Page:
The quality of an artist's work is of course somewhat subject to opinion. Does it move or strike you when you view it? Does it "speak to you?"
That is not the "quality" I would like to consider here. If you're visiting this page, I hope it's because my work has sparked some interest in you. That said, I'd like to share with you a little background on the quality of work and materials that go into each piece.
The products an artist chooses to use tells a lot about how serious he takes his work. I've witnessed good artists, who end with a beautiful, aesthetically pleasing piece, but start with cheap, inappropriate products. I've seen acrylic artists begin with plaster which they then paint over, giving the illusion of thick layers of paint. The problem with this type of technique is that the products being used were never intended for fine art. When an artist "cuts corners" by using products straight from the hardware store, they are forgetting, or out right ignoring, the importance of preservation and durability. Not that every item in the hardware store is forbidden, but honesty, integrity, and common sense should always prevail!
As for me, I generally work in one of two mediums: acrylic or encaustic....
I start with quality canvas primed with Golden gesso. I use Golden products, regarded as one of the best in the industry. From gels, to acrylic paint, Golden is always my first choice! When I'm finished painting, each work gets an "isolation coat" which protects the piece from fading, and shields the paint from the final layer of varnish, which further protects from dust and deterioration. I've seen works in highly regarded galleries selling for thousands of dollars, which have no isolation coat, and no varnish. The painting is simply left to the elements, and will fade and/or break down with time.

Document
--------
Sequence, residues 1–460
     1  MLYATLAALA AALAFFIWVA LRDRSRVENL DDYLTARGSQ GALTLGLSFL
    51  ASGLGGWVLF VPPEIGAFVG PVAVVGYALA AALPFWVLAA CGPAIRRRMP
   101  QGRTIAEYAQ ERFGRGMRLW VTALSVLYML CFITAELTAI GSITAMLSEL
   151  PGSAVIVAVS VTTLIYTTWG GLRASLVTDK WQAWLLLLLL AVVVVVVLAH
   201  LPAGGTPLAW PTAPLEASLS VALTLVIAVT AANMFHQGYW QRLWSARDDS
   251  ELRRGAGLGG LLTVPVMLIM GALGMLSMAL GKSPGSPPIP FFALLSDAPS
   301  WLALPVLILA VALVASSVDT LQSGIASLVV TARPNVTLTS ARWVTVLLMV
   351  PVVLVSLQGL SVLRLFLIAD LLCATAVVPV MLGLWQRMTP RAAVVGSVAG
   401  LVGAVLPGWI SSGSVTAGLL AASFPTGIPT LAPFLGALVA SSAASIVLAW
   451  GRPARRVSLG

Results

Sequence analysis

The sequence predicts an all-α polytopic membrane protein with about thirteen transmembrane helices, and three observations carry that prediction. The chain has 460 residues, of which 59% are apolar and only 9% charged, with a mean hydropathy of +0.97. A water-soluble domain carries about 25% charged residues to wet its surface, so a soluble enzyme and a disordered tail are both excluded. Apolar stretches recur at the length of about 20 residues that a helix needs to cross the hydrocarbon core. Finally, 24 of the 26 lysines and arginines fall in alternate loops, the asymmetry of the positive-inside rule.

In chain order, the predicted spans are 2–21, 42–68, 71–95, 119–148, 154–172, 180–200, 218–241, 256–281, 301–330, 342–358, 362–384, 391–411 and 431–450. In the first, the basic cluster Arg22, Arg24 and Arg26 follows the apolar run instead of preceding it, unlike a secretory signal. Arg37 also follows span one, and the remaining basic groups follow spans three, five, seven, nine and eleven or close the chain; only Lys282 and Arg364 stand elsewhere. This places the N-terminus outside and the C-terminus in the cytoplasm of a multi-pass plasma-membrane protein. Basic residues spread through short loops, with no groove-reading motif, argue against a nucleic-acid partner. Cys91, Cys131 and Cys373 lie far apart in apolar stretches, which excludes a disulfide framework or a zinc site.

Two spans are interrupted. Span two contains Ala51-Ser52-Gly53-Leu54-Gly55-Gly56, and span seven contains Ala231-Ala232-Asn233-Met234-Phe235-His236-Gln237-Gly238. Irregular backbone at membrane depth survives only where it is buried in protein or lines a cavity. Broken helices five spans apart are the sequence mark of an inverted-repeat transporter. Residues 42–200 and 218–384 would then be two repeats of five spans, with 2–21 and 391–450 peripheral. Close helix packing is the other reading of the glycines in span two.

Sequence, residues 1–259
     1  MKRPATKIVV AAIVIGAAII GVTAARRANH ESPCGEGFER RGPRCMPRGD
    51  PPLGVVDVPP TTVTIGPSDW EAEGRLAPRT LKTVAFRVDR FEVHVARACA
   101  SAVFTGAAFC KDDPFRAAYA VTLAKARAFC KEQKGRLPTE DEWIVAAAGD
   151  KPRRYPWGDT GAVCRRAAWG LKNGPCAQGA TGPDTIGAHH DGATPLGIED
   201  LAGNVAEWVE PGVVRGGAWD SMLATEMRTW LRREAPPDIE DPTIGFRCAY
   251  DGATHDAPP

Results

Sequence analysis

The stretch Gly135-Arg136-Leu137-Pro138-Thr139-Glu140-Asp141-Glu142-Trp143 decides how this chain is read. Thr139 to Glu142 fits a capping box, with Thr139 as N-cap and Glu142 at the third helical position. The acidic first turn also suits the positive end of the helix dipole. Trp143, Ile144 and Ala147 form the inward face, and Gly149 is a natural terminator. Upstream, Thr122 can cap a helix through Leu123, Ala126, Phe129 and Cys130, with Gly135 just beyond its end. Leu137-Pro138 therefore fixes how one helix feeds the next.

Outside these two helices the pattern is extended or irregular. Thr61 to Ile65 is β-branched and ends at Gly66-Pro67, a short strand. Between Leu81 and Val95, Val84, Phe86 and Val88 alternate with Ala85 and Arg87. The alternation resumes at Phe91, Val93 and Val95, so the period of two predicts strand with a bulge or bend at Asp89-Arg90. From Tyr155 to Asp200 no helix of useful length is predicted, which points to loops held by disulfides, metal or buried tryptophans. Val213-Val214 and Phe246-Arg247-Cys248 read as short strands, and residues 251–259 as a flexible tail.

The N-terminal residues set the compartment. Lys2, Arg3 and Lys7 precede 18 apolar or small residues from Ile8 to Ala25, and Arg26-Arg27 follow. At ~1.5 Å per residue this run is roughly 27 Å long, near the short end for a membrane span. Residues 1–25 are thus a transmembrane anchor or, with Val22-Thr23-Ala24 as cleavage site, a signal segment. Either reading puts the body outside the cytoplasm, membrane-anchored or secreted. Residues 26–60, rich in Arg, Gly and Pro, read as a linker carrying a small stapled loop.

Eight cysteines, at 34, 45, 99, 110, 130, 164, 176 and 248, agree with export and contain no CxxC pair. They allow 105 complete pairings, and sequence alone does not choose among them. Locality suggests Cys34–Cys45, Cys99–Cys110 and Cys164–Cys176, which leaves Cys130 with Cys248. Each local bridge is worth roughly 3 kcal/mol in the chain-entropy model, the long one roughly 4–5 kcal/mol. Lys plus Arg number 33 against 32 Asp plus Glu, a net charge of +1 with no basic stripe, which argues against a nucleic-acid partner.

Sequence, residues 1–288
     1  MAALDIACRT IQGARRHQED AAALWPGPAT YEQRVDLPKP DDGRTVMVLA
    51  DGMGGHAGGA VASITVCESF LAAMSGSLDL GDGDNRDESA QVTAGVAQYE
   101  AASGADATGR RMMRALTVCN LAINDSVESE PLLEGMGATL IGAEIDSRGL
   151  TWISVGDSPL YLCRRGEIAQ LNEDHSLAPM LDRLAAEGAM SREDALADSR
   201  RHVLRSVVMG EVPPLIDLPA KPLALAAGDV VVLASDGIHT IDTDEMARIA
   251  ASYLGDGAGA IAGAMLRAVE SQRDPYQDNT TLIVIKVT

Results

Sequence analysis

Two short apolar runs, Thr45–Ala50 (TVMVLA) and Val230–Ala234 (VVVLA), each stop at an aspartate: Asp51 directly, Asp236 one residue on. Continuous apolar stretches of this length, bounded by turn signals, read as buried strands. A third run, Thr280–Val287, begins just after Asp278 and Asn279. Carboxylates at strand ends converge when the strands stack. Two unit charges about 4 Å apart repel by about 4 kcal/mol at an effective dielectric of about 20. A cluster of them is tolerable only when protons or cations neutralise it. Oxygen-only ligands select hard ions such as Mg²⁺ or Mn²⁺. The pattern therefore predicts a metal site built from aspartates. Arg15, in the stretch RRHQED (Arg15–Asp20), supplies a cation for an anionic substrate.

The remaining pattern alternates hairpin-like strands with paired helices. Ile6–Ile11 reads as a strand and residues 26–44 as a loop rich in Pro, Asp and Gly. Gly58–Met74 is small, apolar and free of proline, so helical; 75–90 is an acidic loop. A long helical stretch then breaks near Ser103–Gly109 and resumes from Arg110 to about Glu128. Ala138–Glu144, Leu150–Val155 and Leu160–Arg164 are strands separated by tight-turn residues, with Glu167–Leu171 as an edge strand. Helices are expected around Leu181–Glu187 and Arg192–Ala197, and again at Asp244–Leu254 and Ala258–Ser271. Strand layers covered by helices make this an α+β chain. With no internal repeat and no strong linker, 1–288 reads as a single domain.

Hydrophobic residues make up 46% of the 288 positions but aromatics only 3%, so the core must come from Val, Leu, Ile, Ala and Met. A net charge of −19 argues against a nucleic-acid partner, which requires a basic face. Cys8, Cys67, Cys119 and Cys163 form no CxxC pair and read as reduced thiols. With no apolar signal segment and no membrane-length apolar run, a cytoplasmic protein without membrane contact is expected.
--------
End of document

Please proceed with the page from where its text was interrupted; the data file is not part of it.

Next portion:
For more information regarding isolation coat and/or varnish click here.
Encaustic is wax based paint composed of beeswax, resin, and pigment. It is hard to go wrong with encaustic paint, because the beeswax naturally protects the painting from the usual concerns: light and moisture. Simply put, wax is it's own varnish!
However, I've found that R&F Handmade Paints, and Jacquard Encaustic Medium are two of the best products available to encaustic artists, and this is usually where I start. On occasion, for a variety of color, I will also use Encausticos Wax Medium which renders excellent results.
While the wax itself is extremely durable (the oldest surviving encaustic paintings date from the Romano-Egyptian Fayum mummy portraits from the 1st Century B.C.), one must know how to apply the medium. Each layer must be "fused" to the previous one. As I paint with encaustic wax, I heat each additional layer to the perfect temperature, allowing this fusing process to ensure the layers hold together as one. A laborious, time consuming practice, this is necessary to guarantee the stability of the piece.
For more information regarding the history of encaustics click here.
For more information regarding encaustic products click here.
As always, THANK YOU for your interest in my work! If you have further questions regarding quality, I'd be glad to discuss details, down to every product I use.